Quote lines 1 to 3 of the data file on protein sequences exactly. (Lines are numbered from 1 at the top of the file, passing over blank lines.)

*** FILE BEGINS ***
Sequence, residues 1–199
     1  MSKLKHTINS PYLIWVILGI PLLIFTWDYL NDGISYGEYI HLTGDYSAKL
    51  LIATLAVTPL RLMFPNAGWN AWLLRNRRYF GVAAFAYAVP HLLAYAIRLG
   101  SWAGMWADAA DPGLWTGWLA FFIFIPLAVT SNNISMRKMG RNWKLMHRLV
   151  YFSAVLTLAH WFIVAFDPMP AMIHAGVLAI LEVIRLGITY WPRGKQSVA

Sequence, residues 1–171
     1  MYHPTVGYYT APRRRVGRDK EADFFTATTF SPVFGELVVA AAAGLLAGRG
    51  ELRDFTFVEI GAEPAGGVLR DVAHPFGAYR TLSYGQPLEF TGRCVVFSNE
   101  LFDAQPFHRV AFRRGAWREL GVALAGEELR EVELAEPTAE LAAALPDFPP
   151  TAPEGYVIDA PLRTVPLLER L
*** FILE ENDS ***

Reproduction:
Sequence, residues 1–199
     1  MSKLKHTINS PYLIWVILGI PLLIFTWDYL NDGISYGEYI HLTGDYSAKL
    51  LIATLAVTPL RLMFPNAGWN AWLLRNRRYF GVAAFAYAVP HLLAYAIRLG